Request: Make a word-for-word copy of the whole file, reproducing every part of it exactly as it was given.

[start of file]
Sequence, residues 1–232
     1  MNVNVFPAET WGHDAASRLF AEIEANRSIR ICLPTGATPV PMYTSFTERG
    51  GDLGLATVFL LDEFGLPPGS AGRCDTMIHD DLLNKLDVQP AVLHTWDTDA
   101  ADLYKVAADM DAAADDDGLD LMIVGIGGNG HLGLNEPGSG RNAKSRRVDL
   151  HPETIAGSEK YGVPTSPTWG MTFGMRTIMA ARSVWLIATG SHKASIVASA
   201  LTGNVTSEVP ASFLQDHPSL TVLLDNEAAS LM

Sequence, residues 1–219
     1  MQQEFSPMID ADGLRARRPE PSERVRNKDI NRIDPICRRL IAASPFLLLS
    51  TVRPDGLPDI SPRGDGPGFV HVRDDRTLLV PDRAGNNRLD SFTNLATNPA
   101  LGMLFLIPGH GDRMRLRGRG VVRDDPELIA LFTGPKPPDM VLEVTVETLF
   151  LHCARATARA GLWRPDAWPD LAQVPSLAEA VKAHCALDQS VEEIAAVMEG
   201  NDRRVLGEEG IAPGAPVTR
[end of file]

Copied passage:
Sequence, residues 1–232
     1  MNVNVFPAET WGHDAASRLF AEIEANRSIR ICLPTGATPV PMYTSFTERG
    51  GDLGLATVFL LDEFGLPPGS AGRCDTMIHD DLLNKLDVQP AVLHTWDTDA
   101  ADLYKVAADM DAAADDDGLD LMIVGIGGNG HLGLNEPGSG RNAKSRRVDL
   151  HPETIAGSEK YGVPTSPTWG MTFGMRTIMA ARSVWLIATG SHKASIVASA
   201  LTGNVTSEVP ASFLQDHPSL TVLLDNEAAS LM

Sequence, residues 1–219
     1  MQQEFSPMID ADGLRARRPE PSERVRNKDI NRIDPICRRL IAASPFLLLS
    51  TVRPDGLPDI SPRGDGPGFV HVRDDRTLLV PDRAGNNRLD SFTNLATNPA
   101  LGMLFLIPGH GDRMRLRGRG VVRDDPELIA LFTGPKPPDM VLEVTVETLF
   151  LHCARATARA GLWRPDAWPD LAQVPSLAEA VKAHCALDQS VEEIAAVMEG
   201  NDRRVLGEEG IAPGAPVTR